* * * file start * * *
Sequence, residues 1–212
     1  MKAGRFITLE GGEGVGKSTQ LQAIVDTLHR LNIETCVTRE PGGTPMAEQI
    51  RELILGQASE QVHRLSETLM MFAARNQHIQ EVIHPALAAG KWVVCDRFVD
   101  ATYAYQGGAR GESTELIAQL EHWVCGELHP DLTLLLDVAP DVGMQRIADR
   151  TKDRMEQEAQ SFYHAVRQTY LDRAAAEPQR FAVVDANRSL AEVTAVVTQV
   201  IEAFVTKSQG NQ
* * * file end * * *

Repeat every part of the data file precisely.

Sequence, residues 1–212
     1  MKAGRFITLE GGEGVGKSTQ LQAIVDTLHR LNIETCVTRE PGGTPMAEQI
    51  RELILGQASE QVHRLSETLM MFAARNQHIQ EVIHPALAAG KWVVCDRFVD
   101  ATYAYQGGAR GESTELIAQL EHWVCGELHP DLTLLLDVAP DVGMQRIADR
   151  TKDRMEQEAQ SFYHAVRQTY LDRAAAEPQR FAVVDANRSL AEVTAVVTQV
   201  IEAFVTKSQG NQ